Cecil Staton believes Atlanta students work harder than Macon students

State Senator Cecil Staton, a Macon lawmaker, took an unusual position when he argued against fixing the broken HOPE Scholarship.

Staton stood in the well of the senate chamber to emphatically argue that the HOPE Scholarship and the new Zell Miller Scholarship are provided to the state’s best and brightest students — and for those students who work hardest to earn the scholarships.

The problem for Staton is that an investigation conducted by the Atlanta Journal-Constitution shows that most of Georgia’s “hard-working students” are from metro Atlanta.

Georgia’s newest public scholarship was intended to benefit all of the state’s best and brightest college-bound students. At least that was the plan when Gov. Nathan Deal created the Zell Miller Scholarship last year.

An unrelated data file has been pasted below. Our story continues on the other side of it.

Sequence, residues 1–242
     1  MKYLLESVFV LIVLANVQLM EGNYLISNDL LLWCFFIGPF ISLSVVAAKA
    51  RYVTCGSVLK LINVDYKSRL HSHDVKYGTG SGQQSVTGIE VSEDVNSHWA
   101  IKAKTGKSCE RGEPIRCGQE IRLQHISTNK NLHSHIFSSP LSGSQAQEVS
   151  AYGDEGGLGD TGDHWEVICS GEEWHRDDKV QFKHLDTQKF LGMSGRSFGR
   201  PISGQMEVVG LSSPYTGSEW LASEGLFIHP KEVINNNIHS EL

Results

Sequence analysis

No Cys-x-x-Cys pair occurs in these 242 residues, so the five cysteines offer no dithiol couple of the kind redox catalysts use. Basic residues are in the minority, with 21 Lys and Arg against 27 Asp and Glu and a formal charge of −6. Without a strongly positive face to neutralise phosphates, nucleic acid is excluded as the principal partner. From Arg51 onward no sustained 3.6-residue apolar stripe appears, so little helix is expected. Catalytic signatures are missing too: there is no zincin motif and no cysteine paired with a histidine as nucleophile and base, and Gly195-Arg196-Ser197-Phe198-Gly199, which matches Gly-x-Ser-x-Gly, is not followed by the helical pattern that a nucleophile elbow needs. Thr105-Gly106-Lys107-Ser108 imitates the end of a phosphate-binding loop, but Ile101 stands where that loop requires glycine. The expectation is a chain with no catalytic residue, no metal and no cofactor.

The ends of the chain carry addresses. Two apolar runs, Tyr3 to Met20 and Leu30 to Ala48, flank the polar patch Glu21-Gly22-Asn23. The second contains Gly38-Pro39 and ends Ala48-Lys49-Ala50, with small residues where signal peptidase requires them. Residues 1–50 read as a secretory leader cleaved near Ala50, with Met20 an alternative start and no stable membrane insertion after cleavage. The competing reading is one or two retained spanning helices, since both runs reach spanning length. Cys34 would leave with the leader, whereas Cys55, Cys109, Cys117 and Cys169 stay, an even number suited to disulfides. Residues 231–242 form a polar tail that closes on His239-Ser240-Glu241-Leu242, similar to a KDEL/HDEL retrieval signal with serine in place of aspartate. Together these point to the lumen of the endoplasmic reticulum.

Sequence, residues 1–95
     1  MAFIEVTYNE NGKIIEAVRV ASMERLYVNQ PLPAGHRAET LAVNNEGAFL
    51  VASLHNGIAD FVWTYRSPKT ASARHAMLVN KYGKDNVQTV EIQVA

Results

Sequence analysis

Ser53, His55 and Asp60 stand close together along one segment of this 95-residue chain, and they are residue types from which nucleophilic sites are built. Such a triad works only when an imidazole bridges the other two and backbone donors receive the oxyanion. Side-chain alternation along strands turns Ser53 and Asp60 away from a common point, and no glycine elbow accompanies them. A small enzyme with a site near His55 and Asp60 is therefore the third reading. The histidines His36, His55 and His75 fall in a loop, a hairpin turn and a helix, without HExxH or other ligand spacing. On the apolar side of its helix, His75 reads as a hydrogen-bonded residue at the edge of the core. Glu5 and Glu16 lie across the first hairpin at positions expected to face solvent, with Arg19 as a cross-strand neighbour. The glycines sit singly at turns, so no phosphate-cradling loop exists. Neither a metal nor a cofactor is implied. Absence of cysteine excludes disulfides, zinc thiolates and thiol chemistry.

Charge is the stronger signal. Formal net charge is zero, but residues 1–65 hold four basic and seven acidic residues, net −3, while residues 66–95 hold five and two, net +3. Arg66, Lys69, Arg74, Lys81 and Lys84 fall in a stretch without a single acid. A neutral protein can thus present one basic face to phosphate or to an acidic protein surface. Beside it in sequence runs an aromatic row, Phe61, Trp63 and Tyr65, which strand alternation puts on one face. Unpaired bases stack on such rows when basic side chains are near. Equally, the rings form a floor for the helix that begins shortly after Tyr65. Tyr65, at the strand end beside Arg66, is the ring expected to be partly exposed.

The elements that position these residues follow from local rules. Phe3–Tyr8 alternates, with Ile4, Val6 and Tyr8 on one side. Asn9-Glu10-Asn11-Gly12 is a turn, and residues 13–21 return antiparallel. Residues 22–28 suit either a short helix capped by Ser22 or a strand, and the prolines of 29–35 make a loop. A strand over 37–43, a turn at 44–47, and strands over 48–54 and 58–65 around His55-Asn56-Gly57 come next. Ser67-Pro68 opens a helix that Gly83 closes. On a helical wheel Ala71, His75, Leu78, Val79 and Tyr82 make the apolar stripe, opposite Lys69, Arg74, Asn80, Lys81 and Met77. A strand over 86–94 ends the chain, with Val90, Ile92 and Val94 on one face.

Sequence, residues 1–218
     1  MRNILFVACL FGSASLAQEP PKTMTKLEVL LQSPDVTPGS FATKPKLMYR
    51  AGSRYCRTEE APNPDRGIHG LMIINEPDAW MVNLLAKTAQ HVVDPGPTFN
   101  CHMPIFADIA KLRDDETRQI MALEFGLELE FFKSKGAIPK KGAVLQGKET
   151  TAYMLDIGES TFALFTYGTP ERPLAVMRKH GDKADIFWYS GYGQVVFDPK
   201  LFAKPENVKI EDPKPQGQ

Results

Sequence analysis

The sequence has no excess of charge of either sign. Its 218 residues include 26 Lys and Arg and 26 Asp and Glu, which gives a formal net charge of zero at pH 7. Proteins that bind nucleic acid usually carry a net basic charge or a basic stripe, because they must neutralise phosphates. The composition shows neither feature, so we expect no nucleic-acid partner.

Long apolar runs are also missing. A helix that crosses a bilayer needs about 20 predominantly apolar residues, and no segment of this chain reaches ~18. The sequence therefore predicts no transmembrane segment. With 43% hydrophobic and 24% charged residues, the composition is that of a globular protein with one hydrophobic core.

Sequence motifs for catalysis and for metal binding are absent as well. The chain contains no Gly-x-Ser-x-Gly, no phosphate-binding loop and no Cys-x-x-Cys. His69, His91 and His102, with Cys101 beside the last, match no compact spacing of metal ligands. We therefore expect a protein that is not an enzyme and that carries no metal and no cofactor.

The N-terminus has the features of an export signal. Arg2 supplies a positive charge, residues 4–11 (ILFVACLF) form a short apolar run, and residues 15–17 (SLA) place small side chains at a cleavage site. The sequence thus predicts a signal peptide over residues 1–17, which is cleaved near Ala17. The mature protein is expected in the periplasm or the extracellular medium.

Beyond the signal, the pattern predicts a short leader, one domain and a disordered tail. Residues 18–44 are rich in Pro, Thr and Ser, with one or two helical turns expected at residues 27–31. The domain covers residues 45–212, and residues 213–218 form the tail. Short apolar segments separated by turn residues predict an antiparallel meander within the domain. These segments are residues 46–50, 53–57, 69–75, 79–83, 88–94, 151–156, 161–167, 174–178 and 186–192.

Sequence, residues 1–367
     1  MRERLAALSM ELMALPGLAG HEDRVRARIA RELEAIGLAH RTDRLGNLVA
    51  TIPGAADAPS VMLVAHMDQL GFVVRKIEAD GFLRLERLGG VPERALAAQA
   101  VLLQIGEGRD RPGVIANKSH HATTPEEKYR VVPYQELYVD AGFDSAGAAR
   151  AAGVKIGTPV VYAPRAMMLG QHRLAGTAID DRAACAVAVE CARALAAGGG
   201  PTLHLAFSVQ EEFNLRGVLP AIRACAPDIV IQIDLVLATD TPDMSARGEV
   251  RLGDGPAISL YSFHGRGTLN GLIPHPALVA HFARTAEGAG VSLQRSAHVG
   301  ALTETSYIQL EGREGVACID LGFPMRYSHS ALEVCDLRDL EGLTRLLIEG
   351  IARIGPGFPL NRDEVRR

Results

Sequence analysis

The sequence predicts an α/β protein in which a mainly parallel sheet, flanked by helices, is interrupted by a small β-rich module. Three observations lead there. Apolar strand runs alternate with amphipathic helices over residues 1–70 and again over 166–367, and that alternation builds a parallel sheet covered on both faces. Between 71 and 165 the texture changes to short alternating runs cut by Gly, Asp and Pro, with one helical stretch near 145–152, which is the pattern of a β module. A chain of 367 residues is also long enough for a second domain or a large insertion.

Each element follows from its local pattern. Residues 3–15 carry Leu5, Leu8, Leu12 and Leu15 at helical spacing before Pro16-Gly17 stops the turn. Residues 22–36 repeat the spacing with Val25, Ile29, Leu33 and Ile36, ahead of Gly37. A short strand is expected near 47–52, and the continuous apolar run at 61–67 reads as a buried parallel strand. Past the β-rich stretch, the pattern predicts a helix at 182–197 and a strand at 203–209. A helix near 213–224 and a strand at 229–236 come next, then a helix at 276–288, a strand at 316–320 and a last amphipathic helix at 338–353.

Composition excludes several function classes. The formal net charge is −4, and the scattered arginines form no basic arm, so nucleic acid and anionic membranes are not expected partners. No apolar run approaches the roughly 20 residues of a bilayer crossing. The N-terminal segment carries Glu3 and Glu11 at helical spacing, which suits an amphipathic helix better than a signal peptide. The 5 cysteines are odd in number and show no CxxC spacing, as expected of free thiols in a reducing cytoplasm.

Instead, it favors those students who live in Atlanta’s affluent suburbs.

It turns out that schools in the six biggest and richest metro Atlanta counties — Cobb, DeKalb, Fayette, Fulton, Gwinnett and Forsyth — graduated more than half of the students eligible for the Zell Miller award. These six counties account for just one-third of the state’s high school seniors.

Staton easily explains this imbalance by saying the Zell Miller award is given to the state’s hardest working students. He implies that the only reason a student wouldn’t receive a scholarship is because he or she simply isn’t working hard enough.

Those lazy students are all outside of metro Atlanta, including in Staton’s home district around Macon.

It’s time for Staton to meet the bright students in his own hometown and to find ways to help them reach college.

It’s time for Georgia to fix the broken HOPE Scholarship. In addition to being on a direct path to bankruptcy, it’s unfairly awarded to students in just a handful of wealthy counties.

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